Jan. 9 (Bloomberg) -- Malaysia’s ringgit climbed for a third day as data released today showed exports rose by more than analysts forecast in November. Government bonds declined.
The currency traded near an 11-week high after overseas sales increased 3.3 percent in November from a year earlier. That was the most since June and more than the 2.3 percent increase estimated in a Bloomberg survey. Malaysian two-way trade will grow 5 percent this year, compared with 4 percent in 2012, International Trade and Industry Minister Mustapa Mohamed was quoted as saying in a Jan. 7 Bernama report.
The ringgit strengthened 0.1 percent to 3.0398 per dollar as of 4:11 p.m. in Kuala Lumpur, according to data compiled by Bloomberg. It touched 3.0365, near the 3.0296 level reached on Jan. 3, which was the strongest since Oct. 18. One-month implied volatility, a measure of expected moves in exchange rates used to price options, fell 38 basis points to 4.84 percent.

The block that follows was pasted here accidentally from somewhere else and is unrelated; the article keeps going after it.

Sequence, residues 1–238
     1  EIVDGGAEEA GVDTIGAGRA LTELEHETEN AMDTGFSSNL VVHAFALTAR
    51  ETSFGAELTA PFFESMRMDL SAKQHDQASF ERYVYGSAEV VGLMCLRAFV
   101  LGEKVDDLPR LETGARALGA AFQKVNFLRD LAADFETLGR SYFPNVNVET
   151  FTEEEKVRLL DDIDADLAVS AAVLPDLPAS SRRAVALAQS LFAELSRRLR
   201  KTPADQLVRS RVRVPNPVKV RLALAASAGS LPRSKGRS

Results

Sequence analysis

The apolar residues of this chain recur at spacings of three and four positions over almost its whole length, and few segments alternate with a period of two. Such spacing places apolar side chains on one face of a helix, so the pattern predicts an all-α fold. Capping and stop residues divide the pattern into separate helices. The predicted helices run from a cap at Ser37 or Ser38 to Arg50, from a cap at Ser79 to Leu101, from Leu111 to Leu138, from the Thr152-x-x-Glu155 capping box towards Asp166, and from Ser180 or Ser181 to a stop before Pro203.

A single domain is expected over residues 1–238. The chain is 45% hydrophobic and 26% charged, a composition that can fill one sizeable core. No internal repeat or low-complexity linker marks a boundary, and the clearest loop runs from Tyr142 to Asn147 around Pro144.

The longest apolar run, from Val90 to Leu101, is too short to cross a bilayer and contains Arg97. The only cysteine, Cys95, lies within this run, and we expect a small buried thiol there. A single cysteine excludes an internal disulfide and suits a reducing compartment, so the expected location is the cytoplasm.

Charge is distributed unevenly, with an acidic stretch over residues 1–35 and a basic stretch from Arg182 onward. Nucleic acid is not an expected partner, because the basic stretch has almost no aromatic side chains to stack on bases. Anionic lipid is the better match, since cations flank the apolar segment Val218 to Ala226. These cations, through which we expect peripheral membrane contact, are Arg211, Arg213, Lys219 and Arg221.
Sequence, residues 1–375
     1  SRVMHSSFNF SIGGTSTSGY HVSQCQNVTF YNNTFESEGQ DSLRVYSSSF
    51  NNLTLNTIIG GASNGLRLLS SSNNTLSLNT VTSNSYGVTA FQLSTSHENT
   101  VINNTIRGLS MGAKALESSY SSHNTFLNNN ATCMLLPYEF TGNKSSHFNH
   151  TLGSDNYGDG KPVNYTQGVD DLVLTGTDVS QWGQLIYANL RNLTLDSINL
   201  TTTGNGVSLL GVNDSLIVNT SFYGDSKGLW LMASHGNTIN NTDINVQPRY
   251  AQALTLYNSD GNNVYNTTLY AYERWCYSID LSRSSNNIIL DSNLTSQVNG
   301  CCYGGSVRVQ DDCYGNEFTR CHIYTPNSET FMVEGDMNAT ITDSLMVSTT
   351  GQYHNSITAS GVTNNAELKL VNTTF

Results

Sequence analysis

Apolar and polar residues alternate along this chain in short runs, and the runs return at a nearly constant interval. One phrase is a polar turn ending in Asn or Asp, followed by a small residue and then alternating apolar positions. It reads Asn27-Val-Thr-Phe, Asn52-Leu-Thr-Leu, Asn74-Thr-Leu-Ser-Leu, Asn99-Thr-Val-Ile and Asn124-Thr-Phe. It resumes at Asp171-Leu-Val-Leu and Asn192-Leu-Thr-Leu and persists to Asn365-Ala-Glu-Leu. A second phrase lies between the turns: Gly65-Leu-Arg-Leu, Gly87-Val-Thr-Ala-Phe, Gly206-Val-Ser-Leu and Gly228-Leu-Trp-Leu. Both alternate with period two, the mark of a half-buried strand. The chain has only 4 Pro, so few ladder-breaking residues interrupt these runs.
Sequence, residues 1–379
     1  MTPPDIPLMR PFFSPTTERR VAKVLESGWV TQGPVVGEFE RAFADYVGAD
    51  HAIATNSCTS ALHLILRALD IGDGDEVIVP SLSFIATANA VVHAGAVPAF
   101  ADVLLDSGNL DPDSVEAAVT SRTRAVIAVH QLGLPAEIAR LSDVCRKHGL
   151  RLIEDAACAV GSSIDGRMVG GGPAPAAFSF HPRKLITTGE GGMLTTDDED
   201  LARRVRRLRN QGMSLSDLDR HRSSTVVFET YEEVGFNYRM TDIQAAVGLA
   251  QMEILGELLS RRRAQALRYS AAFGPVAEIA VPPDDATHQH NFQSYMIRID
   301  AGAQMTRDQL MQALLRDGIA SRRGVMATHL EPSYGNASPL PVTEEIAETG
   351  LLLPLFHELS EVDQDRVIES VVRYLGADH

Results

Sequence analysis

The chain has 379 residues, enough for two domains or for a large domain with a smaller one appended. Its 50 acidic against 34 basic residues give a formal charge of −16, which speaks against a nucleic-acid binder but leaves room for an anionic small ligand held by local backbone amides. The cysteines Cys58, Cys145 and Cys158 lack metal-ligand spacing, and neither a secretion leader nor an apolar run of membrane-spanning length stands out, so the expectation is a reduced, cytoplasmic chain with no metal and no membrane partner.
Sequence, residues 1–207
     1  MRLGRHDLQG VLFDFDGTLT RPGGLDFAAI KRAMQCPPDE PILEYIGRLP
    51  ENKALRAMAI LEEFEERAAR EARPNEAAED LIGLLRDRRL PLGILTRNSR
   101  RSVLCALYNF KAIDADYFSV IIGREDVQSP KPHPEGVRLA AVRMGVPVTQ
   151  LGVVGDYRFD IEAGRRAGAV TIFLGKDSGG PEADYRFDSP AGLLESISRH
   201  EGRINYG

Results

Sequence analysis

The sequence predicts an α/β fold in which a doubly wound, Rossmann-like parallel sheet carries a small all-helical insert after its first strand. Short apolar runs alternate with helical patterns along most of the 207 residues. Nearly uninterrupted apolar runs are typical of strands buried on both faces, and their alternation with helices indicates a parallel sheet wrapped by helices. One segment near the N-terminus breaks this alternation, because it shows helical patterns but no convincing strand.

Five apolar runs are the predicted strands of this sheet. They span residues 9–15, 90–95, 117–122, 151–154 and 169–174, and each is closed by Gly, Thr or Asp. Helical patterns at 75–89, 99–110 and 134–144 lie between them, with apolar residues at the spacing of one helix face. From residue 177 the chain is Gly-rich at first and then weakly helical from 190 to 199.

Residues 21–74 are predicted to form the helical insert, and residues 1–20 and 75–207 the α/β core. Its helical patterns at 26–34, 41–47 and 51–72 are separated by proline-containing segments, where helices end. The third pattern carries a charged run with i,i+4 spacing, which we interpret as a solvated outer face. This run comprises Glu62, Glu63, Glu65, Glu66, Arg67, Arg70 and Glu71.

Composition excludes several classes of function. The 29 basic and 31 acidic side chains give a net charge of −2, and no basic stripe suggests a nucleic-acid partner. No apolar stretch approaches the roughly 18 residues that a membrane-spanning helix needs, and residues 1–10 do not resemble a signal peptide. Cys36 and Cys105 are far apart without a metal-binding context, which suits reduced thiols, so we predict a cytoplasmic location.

“The pace of export growth will be mildly positive in the next few months,” Choong Yin Pheng, senior manager for fixed income and economic research at Hong Leong Bank Bhd. in Kuala Lumpur, said before the export numbers were released. “I’m still looking at the ringgit to trade at the 3.03 to 3.06 level in the first quarter.”
Industrial production will increase 5.9 percent in November, the most since May, according to the median estimate in a Bloomberg survey before data due tomorrow.
The yield on the 3.314 percent government bonds due October 2017 climbed one basis point, or 0.01 percentage point, to 3.27 percent, according to Bursa Malaysia.
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